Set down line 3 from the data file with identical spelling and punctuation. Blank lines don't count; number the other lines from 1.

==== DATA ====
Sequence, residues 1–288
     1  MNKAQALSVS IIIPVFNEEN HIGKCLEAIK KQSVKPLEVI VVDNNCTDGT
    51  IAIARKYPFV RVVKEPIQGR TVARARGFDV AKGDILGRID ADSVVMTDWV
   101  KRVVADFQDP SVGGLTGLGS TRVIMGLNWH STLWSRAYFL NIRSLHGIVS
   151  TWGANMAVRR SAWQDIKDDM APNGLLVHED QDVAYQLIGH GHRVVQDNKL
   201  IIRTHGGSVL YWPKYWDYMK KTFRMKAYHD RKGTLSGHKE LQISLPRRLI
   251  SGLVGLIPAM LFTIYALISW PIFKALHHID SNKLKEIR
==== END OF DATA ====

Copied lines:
    51  IAIARKYPFV RVVKEPIQGR TVARARGFDV AKGDILGRID ADSVVMTDWV